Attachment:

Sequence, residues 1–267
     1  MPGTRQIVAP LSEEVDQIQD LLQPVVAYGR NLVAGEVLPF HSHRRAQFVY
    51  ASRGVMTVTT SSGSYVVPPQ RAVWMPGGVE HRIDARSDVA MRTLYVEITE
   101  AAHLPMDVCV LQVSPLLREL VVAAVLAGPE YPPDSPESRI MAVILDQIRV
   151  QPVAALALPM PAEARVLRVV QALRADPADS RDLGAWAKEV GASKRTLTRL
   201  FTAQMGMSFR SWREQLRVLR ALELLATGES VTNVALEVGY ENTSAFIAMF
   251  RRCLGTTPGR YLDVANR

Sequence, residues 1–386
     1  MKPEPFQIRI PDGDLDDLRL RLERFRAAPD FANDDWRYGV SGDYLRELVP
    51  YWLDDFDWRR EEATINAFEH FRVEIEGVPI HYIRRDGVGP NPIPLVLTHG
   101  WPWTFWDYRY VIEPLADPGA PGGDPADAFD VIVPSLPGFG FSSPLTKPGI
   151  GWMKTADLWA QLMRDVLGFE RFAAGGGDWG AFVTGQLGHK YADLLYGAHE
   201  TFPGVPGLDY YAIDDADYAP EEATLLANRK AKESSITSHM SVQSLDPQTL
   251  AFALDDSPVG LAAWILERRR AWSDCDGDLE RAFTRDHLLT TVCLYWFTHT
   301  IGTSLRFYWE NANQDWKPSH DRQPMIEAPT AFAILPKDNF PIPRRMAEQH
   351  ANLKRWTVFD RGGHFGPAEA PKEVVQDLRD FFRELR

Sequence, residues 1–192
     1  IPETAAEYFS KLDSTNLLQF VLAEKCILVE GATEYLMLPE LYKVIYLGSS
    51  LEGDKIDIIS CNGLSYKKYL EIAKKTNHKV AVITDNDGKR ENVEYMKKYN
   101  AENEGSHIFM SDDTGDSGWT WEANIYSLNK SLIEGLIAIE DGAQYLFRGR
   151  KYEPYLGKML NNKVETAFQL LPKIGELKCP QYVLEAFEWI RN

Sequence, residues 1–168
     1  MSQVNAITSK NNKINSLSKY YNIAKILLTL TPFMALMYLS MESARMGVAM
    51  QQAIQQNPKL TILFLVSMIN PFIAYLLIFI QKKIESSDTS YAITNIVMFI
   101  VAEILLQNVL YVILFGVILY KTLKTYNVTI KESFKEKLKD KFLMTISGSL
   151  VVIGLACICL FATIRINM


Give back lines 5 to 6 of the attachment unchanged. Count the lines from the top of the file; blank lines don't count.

   151  QPVAALALPM PAEARVLRVV QALRADPADS RDLGAWAKEV GASKRTLTRL
   201  FTAQMGMSFR SWREQLRVLR ALELLATGES VTNVALEVGY ENTSAFIAMF